Bad Mama

It’s about balance
May 30, 2007, 7:56 pm
Filed under: Peanut

The Good: Peanut gets her cast off tomorrow! Yay! We’ll finally all get some sleep!

The Bad: After we drop Peanut off at Grandma’s, Big Daddy will come back home and meet the vet, who will be putting our sweet old cat, Bridget, to sleep. I will not be there, because I have truly reached my limit when it comes to the stress I can handle right now.

She has been a good cat, and we’ll miss her. Particularly Peanut, because Bridget is the only one that will tolerate her “petting” and will sit next to her for any length of time.  It sucks.


Memorial Day
May 28, 2007, 5:17 pm
Filed under: Uncategorized





29 FEBRUARY 1944

Mr. and Mrs. William E. Stewart

Poynette, Wisconsin

Dear Mr. and Mrs. Stewart,

It is with the deepest regret that I confirm the telegram previously sent you notifying you of the death of your son, Major Harlan E. Stewart, U.S. Marine Corps Reserve.

Major Stewart was killed in action on February 25, 1944 when his plane crashed after it had been struck and damaged by enemy anti-aircraft fire. His body was recovered and was buried in the cemetery at the advance base from which this squadron is operating. You will understand of course that for reasons of security, the location of this base cannot be divulged at the present time…

World War II Navy, Marine, and Coast Guard Casualties, 1941-1945

Wisconsin Dead

Major Harlan Stewart Killed in Action in Pacific

In Command of Forty Fighter Planes

According to a telegram received Saturday by Mr. and Mrs. William Stewart of Route 2, their son, Major Harlan Stewart, 28, U.S.M.C. flight commander, whose promotion was announced last week, has been killed in action in the Southwest Pacific … Surviving him besides his parents are two sisters, Mrs. Doris L.– at home with her parents [because she had a newborn while her husband, my grandfather, was stationed elsewhere], and Catherine, a radio instructor formerly at Truax but now of Scott Field, Ill. [a Morse code instructor, she was not married because her fiance had also been killed in action in Europe], and one brother, Kenneth, on Route 2.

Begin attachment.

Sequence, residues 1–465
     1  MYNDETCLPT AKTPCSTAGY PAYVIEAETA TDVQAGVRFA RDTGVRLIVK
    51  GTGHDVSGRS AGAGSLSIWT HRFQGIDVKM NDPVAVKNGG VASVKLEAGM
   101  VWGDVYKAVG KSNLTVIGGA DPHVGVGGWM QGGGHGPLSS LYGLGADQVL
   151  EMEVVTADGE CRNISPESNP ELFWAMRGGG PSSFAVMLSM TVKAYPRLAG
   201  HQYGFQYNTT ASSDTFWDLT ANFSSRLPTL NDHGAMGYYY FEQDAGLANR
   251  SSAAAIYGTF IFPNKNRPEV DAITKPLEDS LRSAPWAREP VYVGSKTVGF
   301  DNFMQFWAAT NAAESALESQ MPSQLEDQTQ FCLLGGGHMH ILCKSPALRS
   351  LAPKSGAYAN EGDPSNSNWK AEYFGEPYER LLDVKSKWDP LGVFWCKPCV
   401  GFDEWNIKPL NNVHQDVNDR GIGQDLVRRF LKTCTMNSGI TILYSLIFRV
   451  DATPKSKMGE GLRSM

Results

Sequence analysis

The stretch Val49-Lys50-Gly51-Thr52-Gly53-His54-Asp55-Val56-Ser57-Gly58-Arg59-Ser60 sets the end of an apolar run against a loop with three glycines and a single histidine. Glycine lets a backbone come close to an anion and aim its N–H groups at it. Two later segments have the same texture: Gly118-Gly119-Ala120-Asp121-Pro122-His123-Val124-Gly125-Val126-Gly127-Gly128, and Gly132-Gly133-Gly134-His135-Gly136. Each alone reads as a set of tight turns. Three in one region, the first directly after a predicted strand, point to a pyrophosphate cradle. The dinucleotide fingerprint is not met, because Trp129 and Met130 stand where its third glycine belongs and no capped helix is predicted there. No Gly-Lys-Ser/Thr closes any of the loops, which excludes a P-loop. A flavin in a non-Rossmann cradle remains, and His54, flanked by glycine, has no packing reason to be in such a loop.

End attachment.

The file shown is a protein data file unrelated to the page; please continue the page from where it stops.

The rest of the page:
I quit stressing about the princess stuff
May 22, 2007, 7:26 pm
Filed under: Peanut

She did these, and finds them hilarious. I went to high school with girls whose hair looked remarkably like Belle’s there.

Pregnancy stuff you can’t wait to hear about
May 22, 2007, 5:09 pm
Filed under: Parenting, Pistachio

My belly button is starting to turn inside-out.

This is news, because it didn’t happen the last time around. In fact, I am now almost as large as I ever got with Peanut, and I just might post the pictures to prove it. It helps that small cats weigh more than she did when she was born.

There are several things that either are new or I am anticipating will be new this time around. For example:

  • I never felt Peanut do flips. She did one, when she went from transverse to breech, but that’s it. This kid, I get it a couple of times a day. It’s weird, like I’m on an upside-down roller coaster.
  • I never was woken up or kept awake by Peanut moving. I am discovering this may have been a blessing.
  • I never got hemorrhoids.
  • I never had an internal exam, so I have no idea if or how much I was ever dilated.
  • I never experienced labor. I had one contraction that woke me up from a sound sleep around 33 weeks, but just one.
  • We never had to babyproof. We do have some clamps on drawers/cabinets, but only because we got tired of holding the door closed while she tried to open them.
  • I never gave a wiggly newborn a bath. She didn’t move much the first weeks, and then she was in casts for months and couldn’t have baths, and then she was afraid of them.
  • I never cleaned her umbilical stump. We were in the hospital a full week, and it fell off as soon as we got home.
  • I’ve never held her hand while walking across the street or in a parking lot. She needs two for the walker, and she’s too slow to let her walk at all at an intersection. So I’ve never had to worry about her running off and getting lost. Or bouncing on the bed, or climbing the furniture. Though she’s certainly managed to fall and bump her head.